Medical tourists paying out of pocket also face the problem of legal liability. Focusing on U.S. medical tourists, Cohen explains that they face a substantial reduction in the likelihood and amount of financial recovery for medical malpractice compared to U.S. patients who do not travel abroad. Here too Cohen recommends that U.S. regulators introduce a channeling regime rather than simply providing patients with information regarding medical malpractice law in destination countries or restricting patient choice. Such a regime could involve incentivizing foreign facilities to make themselves subject to litigation under U.S. law. Cohen also examines the liabilities that home country physicians may face with respect to patients who become medical tourists. He argues that while such physicians likely face a low risk of being held liable for advising patients on medical tourism options, they could be sued and held liable for the malpractice of a foreign physician if they decide to offer follow-up care. Cohen offers a number of regulatory suggestions to ensure that the risk of such liability does not incentivize home-country physicians to deny medical tourists follow-up care.

Cohen turns next to medical tourists who pay for services through private or public insurance programs. Focusing first on U.S. medical tourists with private insurance, Cohen notes that many private insurers in the U.S. are currently experimenting with medical tourism pilot projects. These programs aim to cut costs by offering patients incentives to receive nonemergency care in places such as India, Thailand, or Costa Rica. Cohen offers a comprehensive discussion of the legal and ethical implications of these programs, as well as other possible insurance plans that would not merely incentivize medical tourism, but mandate it as a condition of coverage. Here too, Cohen supports the use of a channeling regime to address the problems of quality and liability that arise in this context, for example, restricting—by quality considerations—the foreign facilities to which insurance companies may direct patients, specifying the types of care insurance companies must provide domestically, and prohibiting insurance companies from using foreign providers that do not agree to be subject to U.S. medical malpractice law. With respect to questions of plan type—i.e., whether private insurers should be permitted to offer plans that incentivize or even mandate medical tourism—Cohen opts for an approach that not only permits libertarian paternalist interventions but also modest restrictions on consumer choice. Because consumers exhibit significant bounded rationality problems even with respect to domestic private health insurance choices, Cohen suggests that governments implement robust regulations governing plans that penalize consumers for accessing domestic care, and even limit the size of positive incentives insurance companies may offer to consumers to receive care abroad.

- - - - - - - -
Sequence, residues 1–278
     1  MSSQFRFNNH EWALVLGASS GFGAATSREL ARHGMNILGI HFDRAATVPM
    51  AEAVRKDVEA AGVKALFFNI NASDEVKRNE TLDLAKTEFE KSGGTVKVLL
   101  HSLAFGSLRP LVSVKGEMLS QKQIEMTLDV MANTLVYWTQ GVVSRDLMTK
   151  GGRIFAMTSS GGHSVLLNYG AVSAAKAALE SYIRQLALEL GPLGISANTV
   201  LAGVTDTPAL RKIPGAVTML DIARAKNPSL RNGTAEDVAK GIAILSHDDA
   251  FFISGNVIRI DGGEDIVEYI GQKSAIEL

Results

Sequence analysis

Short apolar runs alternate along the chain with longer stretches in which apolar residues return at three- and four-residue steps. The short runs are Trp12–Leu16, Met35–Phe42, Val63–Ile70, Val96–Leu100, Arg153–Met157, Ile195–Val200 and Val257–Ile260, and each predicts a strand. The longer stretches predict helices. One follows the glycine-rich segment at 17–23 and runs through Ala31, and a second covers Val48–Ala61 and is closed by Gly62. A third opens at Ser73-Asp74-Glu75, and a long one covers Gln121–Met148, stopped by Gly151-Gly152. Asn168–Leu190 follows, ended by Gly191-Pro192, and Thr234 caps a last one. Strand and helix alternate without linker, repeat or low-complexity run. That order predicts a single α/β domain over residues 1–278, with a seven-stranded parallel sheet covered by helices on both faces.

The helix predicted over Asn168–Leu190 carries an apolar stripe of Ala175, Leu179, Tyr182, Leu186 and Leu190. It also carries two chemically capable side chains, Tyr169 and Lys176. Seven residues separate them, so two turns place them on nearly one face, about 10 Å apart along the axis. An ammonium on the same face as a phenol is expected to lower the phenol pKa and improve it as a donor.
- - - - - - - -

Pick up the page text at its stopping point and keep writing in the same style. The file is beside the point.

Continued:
Cohen also discusses the legal and ethical questions surrounding medical tourism with public insurance. He focuses here on the European Union (EU), where people regularly receive health care services in a different Member State, and where EU institutions have struggled to specify the rules governing reimbursement for cross-border care. Though too complicated to summarize here, Cohen’s discussion of the relevant case law and a recent comprehensive EU Directive is clear and thorough. On the whole, Cohen finds many aspects of the emerging EU regulation to be promising, and to offer models for regulatory issues other jurisdictions may face, including the U.S. should Medicare or Medicaid ever incorporate incentives for medical tourism.